Our author's stress on time and uncertainty leads him to adopt the pure time preference theory of interest, and he brings to light a convincing argument from Lachmann against the possibility of negative rates of time preference (p. 106). But in one respect his laudable desire to convey the insights of his mentor betrays him. So anxious is he always to bring uncertainty to the fore that he advances fallacious arguments against Mises and Rothbard for daring to derive time preference as a pure category of action.

He charges Mises with logical contradiction: "he assumed the absence of uncertainty in order to `prove' the necessity of time preference as an implication of action, where action in a world without uncertainty is, by his own definition, logically impossible" (p. 104). But action under conditions of certainty is possible.

The argument to the contrary proceeds in this way: if you knew with certainty that something would happen, action would be pointless. Why attempt to bring about the inevitable? But suppose that you know both that an event will occur if and only if you act and that you will act. I know that I shall take in the mail if and only if I go to the mailbox and I know that I shall go there. Here action and certainty are quite compatible, Dr. Lewin to the contrary notwithstanding.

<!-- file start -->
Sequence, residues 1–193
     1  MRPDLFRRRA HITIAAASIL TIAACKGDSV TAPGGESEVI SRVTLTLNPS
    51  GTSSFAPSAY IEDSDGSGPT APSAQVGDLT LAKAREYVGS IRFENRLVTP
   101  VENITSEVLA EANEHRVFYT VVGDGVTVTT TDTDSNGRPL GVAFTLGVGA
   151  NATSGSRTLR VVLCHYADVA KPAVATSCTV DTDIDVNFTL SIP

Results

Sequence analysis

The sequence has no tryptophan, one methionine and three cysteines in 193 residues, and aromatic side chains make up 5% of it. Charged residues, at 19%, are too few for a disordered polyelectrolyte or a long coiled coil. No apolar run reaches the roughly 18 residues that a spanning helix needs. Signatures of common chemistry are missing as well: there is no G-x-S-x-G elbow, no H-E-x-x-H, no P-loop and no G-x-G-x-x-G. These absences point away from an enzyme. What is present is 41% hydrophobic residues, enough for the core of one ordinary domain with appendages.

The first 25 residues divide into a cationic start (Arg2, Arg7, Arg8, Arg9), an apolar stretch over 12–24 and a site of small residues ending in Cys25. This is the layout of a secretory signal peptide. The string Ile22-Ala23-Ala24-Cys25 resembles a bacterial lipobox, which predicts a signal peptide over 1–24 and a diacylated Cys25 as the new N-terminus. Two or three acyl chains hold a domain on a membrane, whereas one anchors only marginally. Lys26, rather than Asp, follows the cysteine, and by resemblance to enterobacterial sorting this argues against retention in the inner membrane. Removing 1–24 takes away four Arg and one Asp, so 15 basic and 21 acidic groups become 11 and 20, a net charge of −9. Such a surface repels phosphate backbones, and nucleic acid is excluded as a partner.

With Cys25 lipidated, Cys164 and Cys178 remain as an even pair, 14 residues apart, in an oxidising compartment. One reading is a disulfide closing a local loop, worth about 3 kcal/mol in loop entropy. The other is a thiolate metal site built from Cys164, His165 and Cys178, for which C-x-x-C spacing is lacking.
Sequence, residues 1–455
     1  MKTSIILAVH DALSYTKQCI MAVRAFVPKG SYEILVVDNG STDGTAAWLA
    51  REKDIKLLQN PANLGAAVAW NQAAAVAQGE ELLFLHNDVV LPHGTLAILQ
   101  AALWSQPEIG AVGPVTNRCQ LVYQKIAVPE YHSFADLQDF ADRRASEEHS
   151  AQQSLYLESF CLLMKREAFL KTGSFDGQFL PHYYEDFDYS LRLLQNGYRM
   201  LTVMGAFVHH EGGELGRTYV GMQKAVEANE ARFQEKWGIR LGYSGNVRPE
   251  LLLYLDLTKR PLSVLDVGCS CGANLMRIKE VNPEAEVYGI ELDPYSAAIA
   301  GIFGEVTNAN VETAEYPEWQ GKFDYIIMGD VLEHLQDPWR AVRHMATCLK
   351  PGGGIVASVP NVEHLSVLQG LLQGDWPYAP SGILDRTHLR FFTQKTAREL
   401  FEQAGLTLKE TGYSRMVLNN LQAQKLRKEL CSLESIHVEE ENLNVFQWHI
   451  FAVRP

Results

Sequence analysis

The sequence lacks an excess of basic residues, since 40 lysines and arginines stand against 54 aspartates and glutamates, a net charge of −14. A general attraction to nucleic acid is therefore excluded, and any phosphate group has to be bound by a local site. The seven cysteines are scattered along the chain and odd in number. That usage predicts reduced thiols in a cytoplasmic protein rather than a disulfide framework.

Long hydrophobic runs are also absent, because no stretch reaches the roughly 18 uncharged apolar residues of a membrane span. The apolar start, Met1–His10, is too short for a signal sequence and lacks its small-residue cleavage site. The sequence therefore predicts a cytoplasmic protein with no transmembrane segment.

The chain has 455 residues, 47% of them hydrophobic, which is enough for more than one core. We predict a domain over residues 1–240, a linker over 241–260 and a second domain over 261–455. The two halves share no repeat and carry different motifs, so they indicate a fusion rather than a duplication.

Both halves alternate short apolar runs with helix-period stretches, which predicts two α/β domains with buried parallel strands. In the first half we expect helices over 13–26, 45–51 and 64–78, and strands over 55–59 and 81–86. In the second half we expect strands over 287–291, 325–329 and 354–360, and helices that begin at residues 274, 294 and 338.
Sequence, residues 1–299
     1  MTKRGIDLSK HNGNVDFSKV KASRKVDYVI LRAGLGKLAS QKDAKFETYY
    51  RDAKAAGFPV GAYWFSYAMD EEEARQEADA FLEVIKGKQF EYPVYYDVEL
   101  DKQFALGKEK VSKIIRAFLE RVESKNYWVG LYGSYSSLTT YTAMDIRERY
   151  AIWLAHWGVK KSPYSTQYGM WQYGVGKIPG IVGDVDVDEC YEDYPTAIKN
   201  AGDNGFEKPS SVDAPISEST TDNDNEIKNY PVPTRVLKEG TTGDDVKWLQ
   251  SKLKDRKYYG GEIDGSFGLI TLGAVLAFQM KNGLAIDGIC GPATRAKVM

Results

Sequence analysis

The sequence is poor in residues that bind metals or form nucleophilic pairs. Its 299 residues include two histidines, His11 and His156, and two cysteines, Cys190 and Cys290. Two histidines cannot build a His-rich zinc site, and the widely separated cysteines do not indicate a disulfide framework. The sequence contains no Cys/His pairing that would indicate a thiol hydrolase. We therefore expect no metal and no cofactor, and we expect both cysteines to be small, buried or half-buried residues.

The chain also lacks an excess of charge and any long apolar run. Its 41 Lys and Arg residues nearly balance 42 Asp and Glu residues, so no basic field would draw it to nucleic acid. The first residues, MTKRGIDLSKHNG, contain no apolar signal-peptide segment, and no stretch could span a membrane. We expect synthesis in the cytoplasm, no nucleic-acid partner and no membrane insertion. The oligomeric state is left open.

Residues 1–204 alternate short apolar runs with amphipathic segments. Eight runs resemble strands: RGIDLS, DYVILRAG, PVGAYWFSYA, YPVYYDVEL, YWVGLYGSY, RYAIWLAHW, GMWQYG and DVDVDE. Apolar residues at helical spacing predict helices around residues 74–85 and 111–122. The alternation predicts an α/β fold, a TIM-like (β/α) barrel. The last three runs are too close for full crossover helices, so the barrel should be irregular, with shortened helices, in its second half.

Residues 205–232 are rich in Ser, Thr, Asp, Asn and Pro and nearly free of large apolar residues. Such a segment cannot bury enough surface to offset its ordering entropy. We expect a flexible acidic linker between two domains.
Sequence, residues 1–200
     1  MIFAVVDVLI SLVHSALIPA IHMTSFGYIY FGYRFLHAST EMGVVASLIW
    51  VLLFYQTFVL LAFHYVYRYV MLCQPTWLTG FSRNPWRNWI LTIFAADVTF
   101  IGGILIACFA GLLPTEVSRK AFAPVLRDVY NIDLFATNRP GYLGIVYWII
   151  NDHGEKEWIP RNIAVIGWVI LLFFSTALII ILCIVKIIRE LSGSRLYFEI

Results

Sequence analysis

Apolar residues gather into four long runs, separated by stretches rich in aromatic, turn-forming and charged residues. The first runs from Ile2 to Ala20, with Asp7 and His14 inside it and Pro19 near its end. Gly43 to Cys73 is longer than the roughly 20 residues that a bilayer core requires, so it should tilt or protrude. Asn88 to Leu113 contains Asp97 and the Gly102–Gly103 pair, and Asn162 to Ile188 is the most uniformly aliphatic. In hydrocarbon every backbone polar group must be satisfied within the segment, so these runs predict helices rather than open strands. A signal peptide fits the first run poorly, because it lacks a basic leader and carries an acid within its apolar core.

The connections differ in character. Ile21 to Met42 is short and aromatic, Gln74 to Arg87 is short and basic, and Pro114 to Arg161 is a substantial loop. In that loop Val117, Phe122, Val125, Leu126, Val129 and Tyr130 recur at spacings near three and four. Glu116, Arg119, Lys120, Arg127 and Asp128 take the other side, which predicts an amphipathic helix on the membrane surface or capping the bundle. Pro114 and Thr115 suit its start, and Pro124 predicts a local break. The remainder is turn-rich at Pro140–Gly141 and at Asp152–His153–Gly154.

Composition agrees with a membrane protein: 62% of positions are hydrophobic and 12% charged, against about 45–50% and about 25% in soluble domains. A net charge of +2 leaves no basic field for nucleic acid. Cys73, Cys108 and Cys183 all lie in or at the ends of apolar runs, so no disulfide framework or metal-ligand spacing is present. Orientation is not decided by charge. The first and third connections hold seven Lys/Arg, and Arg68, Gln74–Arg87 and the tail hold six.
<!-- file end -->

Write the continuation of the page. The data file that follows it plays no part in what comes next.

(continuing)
No more convincing is another argument to show that time preference depends on uncertainty. He asks us to consider a familiar thought experiment: "The teacher takes out a ten-dollar bill and asks the class which they [sic] would prefer: (1) the ten dollars right now or (2) the same ten dollars this time next week. He adds that the students may not earn any interest on the ten dollars. Of course, everyone opts for (1)" (p. 105).